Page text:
Connecticut is often considered the most haunted state in the country and for good reason—over the course of its 300-odd-year history, there have been countless ghastly tales and local legends passed down through generations. In our modern era, we have even seen many of these paranormal locations become the subject of popular Hollywood entertainment—some probably not too far from your hometown.
Declared “the most haunted place in Connecticut” by the famous ghost-hunting couple Ed and Lorraine Warren, Dudleytown in Cornwall, Connecticut was once a quaint village founded by English settlers in the mid-17th century. However, the land they once called home may be eternally damned. The Dudley family ventured across the Atlantic in exile after Edmund Dudley, a nobleman and relative, was beheaded for acts of treason during the reign of King Henry VII. Initially things looked promising for the budding settlement; homes were built, land was farmed and the town grew. But things didn’t stay this way for long; members began dying strange and untimely deaths, crops failed to grow and soon the demise of Dudleytown became inevitable.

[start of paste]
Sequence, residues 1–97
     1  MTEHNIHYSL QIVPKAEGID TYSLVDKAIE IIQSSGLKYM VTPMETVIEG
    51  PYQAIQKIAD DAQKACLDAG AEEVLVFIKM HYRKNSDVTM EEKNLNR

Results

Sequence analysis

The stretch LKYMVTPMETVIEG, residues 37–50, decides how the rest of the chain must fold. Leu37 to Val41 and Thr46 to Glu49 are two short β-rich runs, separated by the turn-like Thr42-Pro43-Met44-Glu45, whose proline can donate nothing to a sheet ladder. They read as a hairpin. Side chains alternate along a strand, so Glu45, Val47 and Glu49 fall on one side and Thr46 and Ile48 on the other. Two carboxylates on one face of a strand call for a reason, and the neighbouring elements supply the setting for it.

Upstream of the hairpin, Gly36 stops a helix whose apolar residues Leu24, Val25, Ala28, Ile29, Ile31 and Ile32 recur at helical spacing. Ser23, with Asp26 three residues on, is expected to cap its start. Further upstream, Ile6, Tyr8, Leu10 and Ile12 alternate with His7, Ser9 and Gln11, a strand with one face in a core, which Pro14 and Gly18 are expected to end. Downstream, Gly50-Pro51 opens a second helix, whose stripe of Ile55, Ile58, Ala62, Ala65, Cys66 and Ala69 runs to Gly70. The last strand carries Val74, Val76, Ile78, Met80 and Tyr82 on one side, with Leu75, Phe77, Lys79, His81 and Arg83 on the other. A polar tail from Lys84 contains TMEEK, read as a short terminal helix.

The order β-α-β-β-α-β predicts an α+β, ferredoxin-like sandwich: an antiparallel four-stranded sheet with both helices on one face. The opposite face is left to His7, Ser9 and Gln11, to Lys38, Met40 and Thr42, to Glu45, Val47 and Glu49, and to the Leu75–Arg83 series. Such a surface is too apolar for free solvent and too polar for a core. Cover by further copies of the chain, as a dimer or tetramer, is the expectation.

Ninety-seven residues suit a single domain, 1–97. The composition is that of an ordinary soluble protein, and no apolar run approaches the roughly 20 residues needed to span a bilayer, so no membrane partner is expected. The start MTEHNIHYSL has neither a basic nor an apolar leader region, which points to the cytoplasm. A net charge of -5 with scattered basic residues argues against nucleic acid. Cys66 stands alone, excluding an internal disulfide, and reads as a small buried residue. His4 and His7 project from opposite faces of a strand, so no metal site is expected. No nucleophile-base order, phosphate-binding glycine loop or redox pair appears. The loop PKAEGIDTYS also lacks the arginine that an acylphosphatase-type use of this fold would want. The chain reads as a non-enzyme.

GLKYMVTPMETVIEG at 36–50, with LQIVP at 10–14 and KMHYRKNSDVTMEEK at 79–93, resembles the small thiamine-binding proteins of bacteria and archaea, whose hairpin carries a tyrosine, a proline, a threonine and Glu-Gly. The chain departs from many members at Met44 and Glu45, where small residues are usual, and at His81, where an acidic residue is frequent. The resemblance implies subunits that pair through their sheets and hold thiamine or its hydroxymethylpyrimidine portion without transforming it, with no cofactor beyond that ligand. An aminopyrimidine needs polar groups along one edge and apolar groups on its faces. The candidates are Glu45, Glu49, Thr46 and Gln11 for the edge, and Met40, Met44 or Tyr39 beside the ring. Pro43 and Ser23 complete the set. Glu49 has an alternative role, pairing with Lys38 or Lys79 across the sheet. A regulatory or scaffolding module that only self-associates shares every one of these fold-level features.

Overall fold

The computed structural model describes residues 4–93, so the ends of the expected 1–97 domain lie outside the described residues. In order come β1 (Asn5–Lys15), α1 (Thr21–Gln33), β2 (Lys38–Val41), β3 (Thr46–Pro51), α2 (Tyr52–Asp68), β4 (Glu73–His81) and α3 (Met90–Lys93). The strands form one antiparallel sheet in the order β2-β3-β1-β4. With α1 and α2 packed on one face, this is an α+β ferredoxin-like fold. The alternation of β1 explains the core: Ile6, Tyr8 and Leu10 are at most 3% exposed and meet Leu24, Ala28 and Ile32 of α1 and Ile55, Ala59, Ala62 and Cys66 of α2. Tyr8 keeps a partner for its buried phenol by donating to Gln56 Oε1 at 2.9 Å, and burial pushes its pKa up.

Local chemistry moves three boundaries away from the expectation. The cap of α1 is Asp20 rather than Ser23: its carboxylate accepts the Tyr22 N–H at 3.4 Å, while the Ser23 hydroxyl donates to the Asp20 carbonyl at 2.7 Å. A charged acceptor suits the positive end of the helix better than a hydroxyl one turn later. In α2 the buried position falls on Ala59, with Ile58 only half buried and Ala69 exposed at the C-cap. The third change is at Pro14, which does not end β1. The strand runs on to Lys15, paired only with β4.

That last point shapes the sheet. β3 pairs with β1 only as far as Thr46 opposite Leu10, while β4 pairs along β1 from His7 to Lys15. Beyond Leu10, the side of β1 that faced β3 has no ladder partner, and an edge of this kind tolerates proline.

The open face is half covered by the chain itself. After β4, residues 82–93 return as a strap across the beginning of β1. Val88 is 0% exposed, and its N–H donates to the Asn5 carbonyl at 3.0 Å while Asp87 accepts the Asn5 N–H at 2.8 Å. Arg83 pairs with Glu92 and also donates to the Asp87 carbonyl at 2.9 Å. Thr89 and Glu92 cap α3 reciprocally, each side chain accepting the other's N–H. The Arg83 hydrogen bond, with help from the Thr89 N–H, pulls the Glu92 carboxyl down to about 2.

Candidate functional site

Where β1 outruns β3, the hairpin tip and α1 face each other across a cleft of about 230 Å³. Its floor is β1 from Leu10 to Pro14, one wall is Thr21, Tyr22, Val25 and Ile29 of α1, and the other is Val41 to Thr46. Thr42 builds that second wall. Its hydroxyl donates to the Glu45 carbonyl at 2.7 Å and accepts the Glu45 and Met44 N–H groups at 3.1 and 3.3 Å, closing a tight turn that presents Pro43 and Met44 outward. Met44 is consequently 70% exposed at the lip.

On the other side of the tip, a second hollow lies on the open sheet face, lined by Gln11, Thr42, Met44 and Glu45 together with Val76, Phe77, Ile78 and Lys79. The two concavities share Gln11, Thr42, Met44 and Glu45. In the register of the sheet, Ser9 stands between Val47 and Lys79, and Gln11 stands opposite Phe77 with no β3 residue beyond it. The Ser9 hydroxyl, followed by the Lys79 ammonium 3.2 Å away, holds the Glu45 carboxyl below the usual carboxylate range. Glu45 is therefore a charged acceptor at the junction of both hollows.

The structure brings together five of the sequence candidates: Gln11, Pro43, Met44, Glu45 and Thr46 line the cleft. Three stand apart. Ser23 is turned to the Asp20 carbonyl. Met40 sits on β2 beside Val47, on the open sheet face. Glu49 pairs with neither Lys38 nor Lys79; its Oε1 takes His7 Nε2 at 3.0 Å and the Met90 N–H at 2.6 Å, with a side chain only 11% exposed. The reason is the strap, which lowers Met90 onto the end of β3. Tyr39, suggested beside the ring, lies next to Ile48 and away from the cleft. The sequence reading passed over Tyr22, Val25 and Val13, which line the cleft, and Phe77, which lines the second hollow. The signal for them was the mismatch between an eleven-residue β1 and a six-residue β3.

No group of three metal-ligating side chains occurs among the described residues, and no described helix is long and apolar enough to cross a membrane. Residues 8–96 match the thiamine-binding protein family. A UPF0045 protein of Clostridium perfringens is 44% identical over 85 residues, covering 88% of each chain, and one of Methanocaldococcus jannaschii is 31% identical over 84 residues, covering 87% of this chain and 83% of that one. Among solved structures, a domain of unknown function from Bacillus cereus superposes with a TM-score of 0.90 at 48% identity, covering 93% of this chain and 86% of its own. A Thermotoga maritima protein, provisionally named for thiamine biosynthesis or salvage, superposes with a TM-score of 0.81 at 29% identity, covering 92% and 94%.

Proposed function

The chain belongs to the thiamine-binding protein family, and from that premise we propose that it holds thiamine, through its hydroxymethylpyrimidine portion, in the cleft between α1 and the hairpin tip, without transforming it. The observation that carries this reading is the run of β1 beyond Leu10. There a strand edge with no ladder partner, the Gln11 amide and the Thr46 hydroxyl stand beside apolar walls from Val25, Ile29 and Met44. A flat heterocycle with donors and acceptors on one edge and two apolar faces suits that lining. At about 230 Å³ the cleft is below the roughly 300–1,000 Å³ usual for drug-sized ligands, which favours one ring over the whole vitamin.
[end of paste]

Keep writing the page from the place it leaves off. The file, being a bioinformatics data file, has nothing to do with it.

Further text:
In “The Apparitionists,” Peter Manseau takes us on an expedition through the beginnings of photography and its deceptions. No sooner had people invented a way of creating photographic images (whether it was a daguerreotype, an ambrotype or a hallotype) than people found ways of altering the images — and, even more relevantly, of lying about their contents and how they were obtained. A photograph, as we well know, can’t talk back. It’s like a piece of taxidermy. It can’t say to us, “No, I’m not a picture of Abraham Lincoln.” And often the provenance of a photograph, its causal connection to the world, is hidden. All we’re left with is an image that, for all intents and purposes, could have been given to us by aliens. This is where Manseau comes in. In a world overcome with death and the horrible losses of the Civil War, people turned to photography hoping to be united with deceased loved ones in perpetuity. It’s that strange combination of desire, hope and the presence of an image that seems almost alive that makes us think we’re in contact with a timeless realm that transcends death.